1800-1860: The Arts: Overview
1800-1860: The Arts: Overview
The Rise of Empire and the Arts. “There shall be sung another golden age,” prophesied the poet George Berkeley in 1752, “westward the course of empire takes its way.” With the Louisiana Purchase of 1803, and subsequent explorations by Meriwether Lewis, William Clark, Stephen Long, and John C. Frémont, the West captured the American public’s imagination. To many Americans, the new territories and the lands beyond stretching to the Pacific Ocean held great promise. No longer would America be subordinate to England and Europe. The new lands heralded, as Berkeley’s verses put it, “the rise of empire and of arts.” The golden age seemed on the verge of realization. As the American empire spread West, the arts followed; artists and writers such as George Catlin, a Philadelphia portraitist who traveled the interior for eight years, began to explore and report on the new frontier. Others, such as the Eastern novelist James Fenimore Cooper, never went West but did much to shape the image of the West in the American imagination. Some of these artists, in the tradition of Berkeley, sang a new golden age, celebrating the spirit of progress and national fulfillment. Others questioned the greed, racism, and violence that seemed to fuel the Westward expansion. Nevertheless, each of these artists, in their own ways, sought to answer the same fundamental question: What was the West? Was it, as many promotional tracts promised, a new garden of plenty, a land of untapped beauty and wealth? Or was it a desolate wasteland, demanding hard labor in crude, harsh conditions? What of the Indians who lived in the West? Were they hostile “savages,” children of nature, or sovereign nations victimized by American imperialism? And what of the first hunters and trappers who ventured into the wilderness? Were they the virtuous and brave builders of a new civilization? Or were they men debased by the freedom and liberty of the wilderness? Each of the artists who documented the West in the first half of the nineteenth century struggled with these questions, questions that would shape—and continue to shape—America’s vision of itself.
American Icons. The arts of the West produced some of the most enduring icons in American culture. Daniel Boone, the famed backwoodsman and settler of the state of Kentucky, became a legendary figure as the subject of countless biographies, poems, and paintings. The various interpretations of the Boone legend suggested different visions of the West. To some, Boone was a heroic man of action; to others, a romantic figure of solitude and freedom. Still others portrayed Boone as a threatening figure of radical democracy. Influenced by the Boone legend, Cooper, the Eastern novelist, created one of the most enduring of Western characters, Leatherstocking. In Cooper’s novels Leatherstocking appeared as a humble and skilled man of nature, free but disciplined in the arts of the wilderness. Cooper contrasted Leatherstocking’s wisdom and virtue with the laws and excesses of American “civilization” as it advanced westward. Kit Carson, who served as a scout and soldier under Fremont, also became a legendary figure. In popular accounts Carson appears as a gentleman-hunter, skilled as a horsebackrider and marksman. Novelists such as Charles Averill exaggerated the Carson legend ever further, claiming that it was Carson, prince of the wilderness, who discovered gold in California. Recently, however, some historians have called into question the heroic image of Carson, suggesting that he may have been responsible for the needless and indiscriminate slaughter of Navajo Indians.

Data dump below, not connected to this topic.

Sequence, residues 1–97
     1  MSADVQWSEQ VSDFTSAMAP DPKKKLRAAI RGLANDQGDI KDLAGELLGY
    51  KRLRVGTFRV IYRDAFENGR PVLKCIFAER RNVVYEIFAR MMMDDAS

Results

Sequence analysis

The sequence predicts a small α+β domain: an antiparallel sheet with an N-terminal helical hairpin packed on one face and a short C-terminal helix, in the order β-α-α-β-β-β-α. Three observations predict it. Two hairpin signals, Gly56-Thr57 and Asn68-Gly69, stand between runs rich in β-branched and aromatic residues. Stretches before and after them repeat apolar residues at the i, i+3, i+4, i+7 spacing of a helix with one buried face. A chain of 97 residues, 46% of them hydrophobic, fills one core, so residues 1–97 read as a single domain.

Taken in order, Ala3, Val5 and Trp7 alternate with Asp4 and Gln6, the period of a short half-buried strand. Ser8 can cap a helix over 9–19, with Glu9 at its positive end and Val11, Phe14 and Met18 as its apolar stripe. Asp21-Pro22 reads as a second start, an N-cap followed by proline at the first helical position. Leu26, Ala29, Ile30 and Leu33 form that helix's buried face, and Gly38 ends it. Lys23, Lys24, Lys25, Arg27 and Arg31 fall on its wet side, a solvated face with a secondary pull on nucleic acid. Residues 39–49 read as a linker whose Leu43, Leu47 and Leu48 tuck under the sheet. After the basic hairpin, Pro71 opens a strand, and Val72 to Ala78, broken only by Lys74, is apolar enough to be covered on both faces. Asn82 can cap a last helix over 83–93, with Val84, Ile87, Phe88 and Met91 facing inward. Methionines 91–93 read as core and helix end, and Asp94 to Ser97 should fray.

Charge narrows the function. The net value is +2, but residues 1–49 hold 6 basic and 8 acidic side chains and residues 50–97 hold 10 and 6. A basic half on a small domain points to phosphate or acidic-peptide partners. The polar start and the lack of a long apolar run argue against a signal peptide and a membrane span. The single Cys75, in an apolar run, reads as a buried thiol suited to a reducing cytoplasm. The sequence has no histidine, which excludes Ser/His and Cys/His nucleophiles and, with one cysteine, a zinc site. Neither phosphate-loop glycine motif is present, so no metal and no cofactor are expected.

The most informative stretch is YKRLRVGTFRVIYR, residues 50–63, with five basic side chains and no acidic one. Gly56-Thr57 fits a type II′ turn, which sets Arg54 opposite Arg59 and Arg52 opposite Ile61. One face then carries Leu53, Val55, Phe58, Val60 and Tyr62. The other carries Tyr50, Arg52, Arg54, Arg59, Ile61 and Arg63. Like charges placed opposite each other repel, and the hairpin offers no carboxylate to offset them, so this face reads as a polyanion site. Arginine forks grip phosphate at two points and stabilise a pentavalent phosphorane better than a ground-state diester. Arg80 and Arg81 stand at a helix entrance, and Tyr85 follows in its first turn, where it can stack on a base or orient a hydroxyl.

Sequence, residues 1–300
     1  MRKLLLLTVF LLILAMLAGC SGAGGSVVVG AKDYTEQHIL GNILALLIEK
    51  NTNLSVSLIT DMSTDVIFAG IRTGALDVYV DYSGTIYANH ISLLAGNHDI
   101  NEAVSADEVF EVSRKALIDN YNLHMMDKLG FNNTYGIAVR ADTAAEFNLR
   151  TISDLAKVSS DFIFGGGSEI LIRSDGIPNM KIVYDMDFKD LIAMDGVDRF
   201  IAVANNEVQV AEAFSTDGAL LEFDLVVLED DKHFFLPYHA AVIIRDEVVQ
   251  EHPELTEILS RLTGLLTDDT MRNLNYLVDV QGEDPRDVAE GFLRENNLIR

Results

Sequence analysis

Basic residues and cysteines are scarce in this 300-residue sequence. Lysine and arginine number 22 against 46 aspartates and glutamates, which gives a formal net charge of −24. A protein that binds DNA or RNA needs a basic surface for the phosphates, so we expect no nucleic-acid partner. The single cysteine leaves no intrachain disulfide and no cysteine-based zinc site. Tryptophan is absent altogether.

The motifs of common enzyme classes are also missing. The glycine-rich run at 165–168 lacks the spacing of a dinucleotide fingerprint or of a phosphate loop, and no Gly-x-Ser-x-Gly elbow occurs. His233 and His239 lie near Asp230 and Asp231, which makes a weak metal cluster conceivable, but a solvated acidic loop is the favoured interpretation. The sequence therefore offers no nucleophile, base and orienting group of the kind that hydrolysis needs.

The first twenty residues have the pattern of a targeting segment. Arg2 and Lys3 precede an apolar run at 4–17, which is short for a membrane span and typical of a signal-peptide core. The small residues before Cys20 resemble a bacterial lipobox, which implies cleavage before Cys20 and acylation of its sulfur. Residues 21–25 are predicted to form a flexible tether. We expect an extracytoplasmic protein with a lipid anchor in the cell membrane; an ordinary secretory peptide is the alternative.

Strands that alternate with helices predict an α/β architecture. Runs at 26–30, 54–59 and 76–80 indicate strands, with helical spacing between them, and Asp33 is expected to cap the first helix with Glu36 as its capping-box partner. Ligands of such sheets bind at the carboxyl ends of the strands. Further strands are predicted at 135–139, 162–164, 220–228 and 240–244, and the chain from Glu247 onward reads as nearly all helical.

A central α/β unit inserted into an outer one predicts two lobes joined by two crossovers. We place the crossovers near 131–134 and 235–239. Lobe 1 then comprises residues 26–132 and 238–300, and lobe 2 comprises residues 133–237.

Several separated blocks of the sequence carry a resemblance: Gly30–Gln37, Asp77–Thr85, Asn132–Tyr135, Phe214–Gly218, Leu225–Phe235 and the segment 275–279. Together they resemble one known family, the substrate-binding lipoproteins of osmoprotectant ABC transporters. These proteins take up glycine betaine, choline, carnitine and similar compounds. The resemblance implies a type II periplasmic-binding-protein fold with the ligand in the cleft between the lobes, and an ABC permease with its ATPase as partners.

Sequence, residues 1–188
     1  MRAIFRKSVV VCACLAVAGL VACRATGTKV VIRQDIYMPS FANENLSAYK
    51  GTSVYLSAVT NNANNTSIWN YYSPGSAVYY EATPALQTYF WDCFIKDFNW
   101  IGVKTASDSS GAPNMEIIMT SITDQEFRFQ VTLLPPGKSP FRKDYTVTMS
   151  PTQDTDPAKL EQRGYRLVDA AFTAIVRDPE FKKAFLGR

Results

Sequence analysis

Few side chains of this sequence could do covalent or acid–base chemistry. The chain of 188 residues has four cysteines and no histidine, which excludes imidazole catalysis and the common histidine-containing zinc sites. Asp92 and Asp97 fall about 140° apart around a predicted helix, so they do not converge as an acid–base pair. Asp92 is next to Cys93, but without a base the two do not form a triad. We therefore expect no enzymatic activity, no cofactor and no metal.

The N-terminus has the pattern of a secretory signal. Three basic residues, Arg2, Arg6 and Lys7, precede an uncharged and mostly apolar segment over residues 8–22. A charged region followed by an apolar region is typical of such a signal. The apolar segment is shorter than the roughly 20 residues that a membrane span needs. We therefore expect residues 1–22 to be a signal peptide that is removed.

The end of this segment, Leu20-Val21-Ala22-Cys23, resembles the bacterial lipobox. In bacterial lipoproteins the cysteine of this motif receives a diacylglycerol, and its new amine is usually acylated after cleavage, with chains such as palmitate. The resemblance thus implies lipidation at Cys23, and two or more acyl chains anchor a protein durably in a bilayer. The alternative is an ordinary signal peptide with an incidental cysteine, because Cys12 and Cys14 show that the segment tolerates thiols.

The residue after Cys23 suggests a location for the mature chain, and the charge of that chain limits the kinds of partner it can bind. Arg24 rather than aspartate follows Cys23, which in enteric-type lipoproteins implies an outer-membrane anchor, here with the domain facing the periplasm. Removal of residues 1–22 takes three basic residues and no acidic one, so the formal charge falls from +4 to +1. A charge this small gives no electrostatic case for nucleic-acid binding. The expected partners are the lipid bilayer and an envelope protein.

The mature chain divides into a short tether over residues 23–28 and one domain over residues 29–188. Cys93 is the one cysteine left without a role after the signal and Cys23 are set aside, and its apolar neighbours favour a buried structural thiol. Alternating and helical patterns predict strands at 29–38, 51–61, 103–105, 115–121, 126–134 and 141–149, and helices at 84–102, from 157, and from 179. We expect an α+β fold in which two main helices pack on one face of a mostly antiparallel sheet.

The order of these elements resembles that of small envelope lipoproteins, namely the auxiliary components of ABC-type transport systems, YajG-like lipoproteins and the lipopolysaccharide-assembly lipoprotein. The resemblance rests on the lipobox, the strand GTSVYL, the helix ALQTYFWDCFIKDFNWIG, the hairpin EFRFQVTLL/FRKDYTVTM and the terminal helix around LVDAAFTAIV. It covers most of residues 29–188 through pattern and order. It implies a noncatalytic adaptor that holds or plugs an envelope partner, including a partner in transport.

New Lands, New Voices. The West inspired not only new American icons but also new American voices. German American writers, led by Charles Sealsfield, immigrated to the Midwest and, in novels and travel books, documented the life they found there. Some found Americans to be crude philistines; others, such as Sealsfield, saw America as the herald of a new global democracy. Women who traveled west also found new opportunities for self-expression. Authors Catherine Stewart, Rebecca Burlend, and Catherine Soule celebrated the beauty they found in the prairies. Many women who did not have the opportunity to write documented their experiences in the quilts they painstakingly crafted. Native Americans also began to address American audiences; George Copway, an Ojibwa who converted to Methodism, recorded the history of the Ojibwa and critiqued American attitudes toward Indians. John Rollin Ridge, a Cherokee exiled to California, wrote essays advocating Indian rights, and in 1854 he published The Life and Adventures of Joaquin Murieta, a novel depicting American racism against Mexicans.